Thread Starter 
Quote:
Originally Posted by OGirlieMama View Post
You may have some good points, but you lost me at calling your almost-7-pound twins "tiny" and implying that their size at 38.5 weeks was the sole reason for nursing difficulties.
I really didn't have nursing difficulties with my twins (some supply issues, but not that early on), but I'd heard that tiny babies are often very sleepy and hard to keep awake for nursing (and my twins were the only babies I'd had that took some work to waken for nursing--once I got them awake, they latched fine, but they didn't seem to stay awake for a full feeding for a couple of weeks). That was anecdotally passed on to me, so that may be wrong.

I know 6 lbs. 10 oz. doesn't seem tiny to many people for a baby, but I'm from a tall family. That weight at 21" long is sooo skinny! Both my sons (singletons) were within a half inch of that, and one was a pound bigger and the other was two pounds bigger, so after the two of them, the twins seemed tiny. And I'm certainly not complaining to have had twins that size--I was blessed that they were able to stay in and grow that long. I know that medical necessities force many twins to be born earlier.
post #17 of 21
Thread Starter 
Quote:
Originally Posted by Spring Lily View Post
If you really want to support her, telling her about fatal diseases is probably going to be off-putting or even make her mad that you're overstepping. I'd suggest giving her a link to the Kellymom site, like this article on breastfeeding preemies, and see how she reacts to more positive support from you:
http://www.kellymom.com/bf/preemie/preemie-links.html

Also, you can't assume that she's telling you all the details of her pregnancy, and she may not want to do that publicly. She could have mo-mo twins with no other issues, and in that case giving birth at 36 weeks is for good reasons. You just can't make any assumptions.
Good point. Thanks for the link. She has said that they're di-di.
post #18 of 21
Thread Starter 
Quote:
Originally Posted by Gena 22 View Post
You could share this link with your friend, arguing that unless there's a medical contra-indication, doctors should let twins come spontaneously up to 40 weeks:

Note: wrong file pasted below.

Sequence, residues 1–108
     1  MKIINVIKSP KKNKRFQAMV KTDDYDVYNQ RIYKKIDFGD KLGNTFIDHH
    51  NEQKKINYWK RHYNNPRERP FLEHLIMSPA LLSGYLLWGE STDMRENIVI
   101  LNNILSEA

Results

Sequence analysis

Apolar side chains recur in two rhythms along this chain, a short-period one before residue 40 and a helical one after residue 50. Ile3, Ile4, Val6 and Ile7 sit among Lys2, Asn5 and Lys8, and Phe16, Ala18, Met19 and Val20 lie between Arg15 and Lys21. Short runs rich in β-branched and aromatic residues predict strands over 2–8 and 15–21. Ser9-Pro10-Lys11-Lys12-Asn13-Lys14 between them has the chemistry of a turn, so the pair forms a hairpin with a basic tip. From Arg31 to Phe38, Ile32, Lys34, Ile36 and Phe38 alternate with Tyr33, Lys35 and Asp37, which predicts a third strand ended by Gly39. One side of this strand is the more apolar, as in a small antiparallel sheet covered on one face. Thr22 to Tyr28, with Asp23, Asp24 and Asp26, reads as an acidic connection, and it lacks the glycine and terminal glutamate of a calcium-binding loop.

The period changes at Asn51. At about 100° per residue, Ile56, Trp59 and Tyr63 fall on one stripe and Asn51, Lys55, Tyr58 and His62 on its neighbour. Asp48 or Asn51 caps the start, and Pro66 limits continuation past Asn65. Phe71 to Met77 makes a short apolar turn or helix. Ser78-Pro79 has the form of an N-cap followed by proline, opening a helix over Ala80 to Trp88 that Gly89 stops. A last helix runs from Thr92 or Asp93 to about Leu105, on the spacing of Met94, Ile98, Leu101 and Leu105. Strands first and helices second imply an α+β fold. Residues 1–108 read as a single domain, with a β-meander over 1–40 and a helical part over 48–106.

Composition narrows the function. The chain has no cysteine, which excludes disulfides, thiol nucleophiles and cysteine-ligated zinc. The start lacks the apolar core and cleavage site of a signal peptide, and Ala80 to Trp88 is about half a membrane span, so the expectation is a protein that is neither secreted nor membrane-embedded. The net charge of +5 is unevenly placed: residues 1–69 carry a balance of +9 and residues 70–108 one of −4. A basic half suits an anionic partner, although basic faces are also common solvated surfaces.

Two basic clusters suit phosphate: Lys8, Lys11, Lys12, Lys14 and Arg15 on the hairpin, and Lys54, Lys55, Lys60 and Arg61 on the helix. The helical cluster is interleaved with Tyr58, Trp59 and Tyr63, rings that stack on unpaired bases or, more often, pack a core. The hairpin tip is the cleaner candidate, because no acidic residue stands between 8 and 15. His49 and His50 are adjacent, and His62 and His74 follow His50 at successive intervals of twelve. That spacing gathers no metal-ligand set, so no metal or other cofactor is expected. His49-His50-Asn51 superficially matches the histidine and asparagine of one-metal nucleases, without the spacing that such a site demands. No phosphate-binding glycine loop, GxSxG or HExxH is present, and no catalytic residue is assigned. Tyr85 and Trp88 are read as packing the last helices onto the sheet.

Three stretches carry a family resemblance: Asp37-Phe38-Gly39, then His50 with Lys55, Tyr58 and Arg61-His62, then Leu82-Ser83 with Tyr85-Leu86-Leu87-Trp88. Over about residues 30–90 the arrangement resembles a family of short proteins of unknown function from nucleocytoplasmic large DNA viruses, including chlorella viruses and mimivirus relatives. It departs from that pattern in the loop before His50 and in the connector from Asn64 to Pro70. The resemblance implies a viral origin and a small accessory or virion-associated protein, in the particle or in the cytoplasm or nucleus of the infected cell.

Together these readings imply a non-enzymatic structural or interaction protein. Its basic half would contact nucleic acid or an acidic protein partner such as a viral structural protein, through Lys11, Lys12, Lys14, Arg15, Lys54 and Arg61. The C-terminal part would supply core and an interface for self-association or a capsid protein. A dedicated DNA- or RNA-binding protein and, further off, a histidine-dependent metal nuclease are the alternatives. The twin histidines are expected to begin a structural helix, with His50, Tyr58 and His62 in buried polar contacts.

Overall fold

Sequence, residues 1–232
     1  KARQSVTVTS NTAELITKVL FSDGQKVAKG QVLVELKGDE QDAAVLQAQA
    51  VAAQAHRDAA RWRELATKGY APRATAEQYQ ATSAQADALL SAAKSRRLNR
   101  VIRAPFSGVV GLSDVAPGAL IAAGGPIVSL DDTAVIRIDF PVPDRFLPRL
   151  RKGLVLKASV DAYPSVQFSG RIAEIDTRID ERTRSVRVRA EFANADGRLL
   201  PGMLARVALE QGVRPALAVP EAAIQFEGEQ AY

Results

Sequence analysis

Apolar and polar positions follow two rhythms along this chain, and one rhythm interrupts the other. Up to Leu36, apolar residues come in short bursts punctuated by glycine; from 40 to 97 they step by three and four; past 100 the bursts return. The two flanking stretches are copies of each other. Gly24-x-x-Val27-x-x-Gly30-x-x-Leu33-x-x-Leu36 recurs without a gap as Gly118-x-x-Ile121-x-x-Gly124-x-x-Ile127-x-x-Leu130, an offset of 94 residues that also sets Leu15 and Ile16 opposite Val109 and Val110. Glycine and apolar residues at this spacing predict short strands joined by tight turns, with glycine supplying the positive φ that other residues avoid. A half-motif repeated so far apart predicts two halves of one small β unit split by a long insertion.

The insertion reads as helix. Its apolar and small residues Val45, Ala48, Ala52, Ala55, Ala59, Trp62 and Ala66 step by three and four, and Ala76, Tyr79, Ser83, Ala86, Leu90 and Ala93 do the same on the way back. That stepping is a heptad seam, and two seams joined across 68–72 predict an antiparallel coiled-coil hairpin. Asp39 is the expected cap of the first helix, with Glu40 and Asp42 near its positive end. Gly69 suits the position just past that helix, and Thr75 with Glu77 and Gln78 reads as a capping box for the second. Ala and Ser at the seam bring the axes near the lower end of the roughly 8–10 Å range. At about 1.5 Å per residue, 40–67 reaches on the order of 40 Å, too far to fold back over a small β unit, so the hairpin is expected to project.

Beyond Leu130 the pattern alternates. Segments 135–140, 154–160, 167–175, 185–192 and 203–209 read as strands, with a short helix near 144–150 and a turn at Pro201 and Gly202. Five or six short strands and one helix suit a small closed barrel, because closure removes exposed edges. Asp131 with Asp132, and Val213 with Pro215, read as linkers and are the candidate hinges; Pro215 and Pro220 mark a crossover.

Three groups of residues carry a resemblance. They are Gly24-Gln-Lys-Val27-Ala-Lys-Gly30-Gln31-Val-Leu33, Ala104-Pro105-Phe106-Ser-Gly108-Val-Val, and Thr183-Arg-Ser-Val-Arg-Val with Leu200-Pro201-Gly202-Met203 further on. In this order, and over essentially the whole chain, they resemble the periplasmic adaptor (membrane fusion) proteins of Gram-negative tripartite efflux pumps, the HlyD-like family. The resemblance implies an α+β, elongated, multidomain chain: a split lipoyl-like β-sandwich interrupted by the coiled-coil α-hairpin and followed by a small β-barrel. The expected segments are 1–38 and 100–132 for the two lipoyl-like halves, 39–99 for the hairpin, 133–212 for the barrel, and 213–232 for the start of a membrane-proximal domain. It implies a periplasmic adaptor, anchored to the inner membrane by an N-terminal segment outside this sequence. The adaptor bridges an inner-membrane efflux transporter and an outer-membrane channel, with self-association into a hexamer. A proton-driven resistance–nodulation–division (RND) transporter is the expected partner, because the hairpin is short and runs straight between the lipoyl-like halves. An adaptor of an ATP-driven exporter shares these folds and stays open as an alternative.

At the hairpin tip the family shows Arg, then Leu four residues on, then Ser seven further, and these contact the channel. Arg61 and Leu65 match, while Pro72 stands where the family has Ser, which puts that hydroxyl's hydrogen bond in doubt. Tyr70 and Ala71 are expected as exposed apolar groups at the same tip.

http://www.uptodate.com/home/content...=labordel/5122
Thanks--I'll wait a little while and see if I have a good chance to share that. Thanks, everyone else for your suggestions as well. I'm sorry I was a little combative at first. I haven't been on here much in a few years, and I came because I needed to vent to someone who would understand. So I overreacted a little when I felt like most of my points were dismissed.
post #19 of 21
I have no particularly good advice. Here is my experience. Mine were born at 41 weeks. I was in fine health. My first doctors (I switched to a M/W) had informed me at 9 weeks that they did induction no later than 37 weeks, and that it was standard to have c/s with twins. My little baby was 6lbs 5oz. I wonder what she would have been if I had been forced to get her out of my belly a month earlier?
post #20 of 21
Fwiw, I agree with you (OP) that the information needs to be made available to her. Hearing that (inducing at 36 weeks as standard procedure) would eat at me, knowing it was most likely unnecessary and could lead to any number of difficulties.

Could you start a private convo with her, just ask her how she feels about the induction, worries or concerns she may have? Might be a good way of introducing the idea that she does in fact have options, and why it might benefit her and her babies to at least look into it a bit.